7. Olive Leaf Extract

Olive leaf is the leaf of the olive tree (Olea europaea). A cornerstone of the Mediterranean Diet, olive oil has long been touted as a superfood for its role in protecting heart health, improving circulation and promoting healthy skin. Oleuropein is the active polyphenol found in olives that give the plant its health-promoting properties, but olive leaves actually have much higher levels of Oleuropein than the fruit. Their high Oleuropein content gives the leaves potent antimicrobial, antioxidant, antiviral and anti-inflammatory properties, and they have been used in traditional medicine for centuries to treat acute illnesses and boost the immune system.[13] Oleuropein is also the secret behind olive oil’s characteristic slightly bitter and tangy taste.[14] Olive leaf may actually inhibit the growth of viruses, bacteria, yeast and parasites – helping nip those annoying colds and flus in the bud.

8. Black Cumin Extract (Nigella Seeds)

One of the oldest known spices, nigella seeds (black cumin extract) were found in Tutankhamun’s tomb and are mentioned in the Bible’s Old Testament[15]. The tiny black seeds have been used in traditional medicine for thousands of years. It is the oil in the seeds that have the therapeutic benefit, and studies have shown it may have antibacterial properties.[16] The active ingredient thymoquinone (TQ) extracted from its seeds and oils may be beneficial against certain forms of cancer, diabetes, asthma, cardiovascular disease[17]. With these powerful immune boosting benefits, black cumin extract is a potent ingredient in our winter-wellness prescription. Not commonly used in cooking (although you may see it sprinkled on the top of some naan breads), the easiest way to consume black cumin extract is as a supplement.

Everything you need for winter wellness

A healthful diet is key to improving immunity, boosting your overall health and protecting your body from free-radical damage, aging and inflammation. However, during the winter months, it is important to provide your body with extra support. Xtend-Life Total Balance is a standardised, research-proven formulation that provides a constant range of active ingredients, as well as containing the full spectrum of coactives. Compared to food nutrients which are not standardised (resulting in unknown or uncertain results), Total Balance combines all of the above powerful nutrients in one convenient supplement – helping supercharge your immune system and keeping you well all winter.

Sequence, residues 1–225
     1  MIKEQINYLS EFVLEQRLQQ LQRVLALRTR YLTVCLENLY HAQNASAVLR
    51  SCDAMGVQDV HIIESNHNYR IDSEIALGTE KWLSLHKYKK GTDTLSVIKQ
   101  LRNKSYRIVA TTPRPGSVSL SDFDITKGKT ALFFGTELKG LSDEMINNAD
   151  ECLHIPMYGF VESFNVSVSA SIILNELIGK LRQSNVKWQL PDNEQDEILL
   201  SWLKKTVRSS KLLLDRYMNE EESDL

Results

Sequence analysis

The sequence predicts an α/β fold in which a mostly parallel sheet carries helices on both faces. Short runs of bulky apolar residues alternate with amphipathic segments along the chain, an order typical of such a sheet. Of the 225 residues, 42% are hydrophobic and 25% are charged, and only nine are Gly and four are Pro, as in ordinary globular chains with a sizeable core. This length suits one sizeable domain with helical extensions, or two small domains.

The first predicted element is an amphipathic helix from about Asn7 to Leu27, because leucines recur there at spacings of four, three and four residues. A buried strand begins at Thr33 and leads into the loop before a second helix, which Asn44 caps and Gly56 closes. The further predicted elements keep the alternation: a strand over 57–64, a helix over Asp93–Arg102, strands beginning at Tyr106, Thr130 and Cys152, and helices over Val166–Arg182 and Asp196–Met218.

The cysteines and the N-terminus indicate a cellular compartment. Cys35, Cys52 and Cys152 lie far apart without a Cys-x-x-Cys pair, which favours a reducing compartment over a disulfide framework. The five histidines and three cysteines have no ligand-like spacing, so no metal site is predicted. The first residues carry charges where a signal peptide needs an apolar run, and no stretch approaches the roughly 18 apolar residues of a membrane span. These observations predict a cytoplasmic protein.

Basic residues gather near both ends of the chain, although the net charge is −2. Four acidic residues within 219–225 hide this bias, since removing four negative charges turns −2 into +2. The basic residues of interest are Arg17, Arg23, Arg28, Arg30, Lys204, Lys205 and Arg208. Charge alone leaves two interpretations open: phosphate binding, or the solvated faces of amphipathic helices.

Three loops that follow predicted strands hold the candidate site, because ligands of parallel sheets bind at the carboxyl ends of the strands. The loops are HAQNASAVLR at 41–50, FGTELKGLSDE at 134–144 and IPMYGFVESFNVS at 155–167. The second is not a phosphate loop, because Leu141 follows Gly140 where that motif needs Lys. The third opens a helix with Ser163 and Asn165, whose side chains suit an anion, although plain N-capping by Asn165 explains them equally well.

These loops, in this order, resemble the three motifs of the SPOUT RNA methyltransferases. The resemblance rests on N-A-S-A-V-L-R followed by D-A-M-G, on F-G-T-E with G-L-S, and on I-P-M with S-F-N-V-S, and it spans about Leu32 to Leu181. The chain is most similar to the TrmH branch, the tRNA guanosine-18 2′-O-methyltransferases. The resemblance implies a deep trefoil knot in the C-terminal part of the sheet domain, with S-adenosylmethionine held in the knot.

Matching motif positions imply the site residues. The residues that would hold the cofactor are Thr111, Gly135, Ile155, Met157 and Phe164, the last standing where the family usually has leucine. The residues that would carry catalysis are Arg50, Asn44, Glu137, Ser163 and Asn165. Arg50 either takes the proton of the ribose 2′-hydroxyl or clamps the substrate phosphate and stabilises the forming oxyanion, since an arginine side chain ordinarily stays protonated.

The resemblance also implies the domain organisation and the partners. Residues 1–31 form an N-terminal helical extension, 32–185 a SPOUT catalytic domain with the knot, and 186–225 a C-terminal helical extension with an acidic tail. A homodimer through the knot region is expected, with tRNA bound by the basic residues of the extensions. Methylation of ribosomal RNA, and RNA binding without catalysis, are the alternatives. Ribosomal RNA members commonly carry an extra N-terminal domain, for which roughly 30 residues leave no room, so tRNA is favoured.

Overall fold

References:

[1] Experts Predict Severe Flu Season in U.S. Vitamin Retailer Magazine, September, 2017

[2] Prasad, S. and Aggarwal, B. Turmeric, the Golden Spice. NCBI Bookshelf

[3] Shoba G, Joy D, Joseph T, Majeed M, Rajendran R, Srinivas PS. Influence of piperine on the pharmacokinetics of curcumin in animals and human volunteers. Planta Med. 1998 May;64(4):353-6.

[4] Liu Y, Yadev VR, Aggarwal BB and Nair MG. Inhibitory effects of black pepper (Piper nigrum) extracts and compounds on human tumor cell proliferation, cyclooxygenase enzymes, lipid peroxidation and nuclear transcription factor-kappa-B, Nat Prod Commun. 2010 Aug;5(8):1253-7.

[5] Ehrlich, S. Bilberry. University of Maryland Medical Center.

[6] Wing-kwan C., Cheung, S., Lau, R. and Benzie, I. Bilberry (Vaccinium myrtillus). Herbal Medicine, NCBI Bookshelf

[7] Engwerda, C., Andrew, D., Ladhams, A. and Mynott, T. Bromelain modulates T and B cell immune responses in vitro and in vivo. Cellular Immunology 210, 66-75(2001).

[8] Engwerda , C., Andrew, D., Murphy, M. and. Mynott, T. Bromelain Activates Murine Macrophages and Natural Killer Cells in Vitro. Cellular Immunology 210, 5-10 (2001).

[9] Lopez, L. Natural Health: A New Zealand A to Z Guide. David Bateman, Auckland. 2002 (32)

[10] Arranz L, Fernández C, Rodríguez A, Ribera JM, and De la Fuente M. The glutathione precursor N-acetylcysteine improves immune function in postmenopausal women. Free Radic Biol Med. 2008 Nov 1;45(9):1252-62.

[11] De Flora S, Grassi C, Carati L. Attenuation of influenza-like symptomatology and improvement of cell-mediated immunity with long-term N-acetylcysteine treatment. European Respiratory Journal. 1997, July. Institute of Hygiene and Preventive Medicine, University of Genoa, Italy.

[12] Akramiene D, Kondrotas A, Didziapetriene J, Kevelaitis E. Effects of beta-glucans on the immune system. Medicina (Kaunas). 2007;43(8):597-606.

[13] Omar, S., Oleuropein in Olive and its Pharmacological Effects. Sci Pharm. 2010 Apr-Jun; 78(2): 133–154. Published online 2010 Apr 23.

[14] Olive Leaf: The Natural Immune Booster. 2014, June. Healthpost

[15] Christian, G. Nigella Seeds. BBC Good food..

[16] El-Kamali H., Ahmed A., and Mohammed A. Antibacterial properties of essential oils from Nigella sativa seeds, Cymbopogon citratus leaves and Pulicaria undulata aerial parts. Fitoterapia 1998. 69:77–78.

[17] Asaduzzaman Khan, M. Chen, H., Mousumi, T. and Zhang, D. Anticancer activities of Nigella Sativa (Black Cumin). African Journal of Complementary and Alternative Medicine, 2011 8(5 Suppl):226-232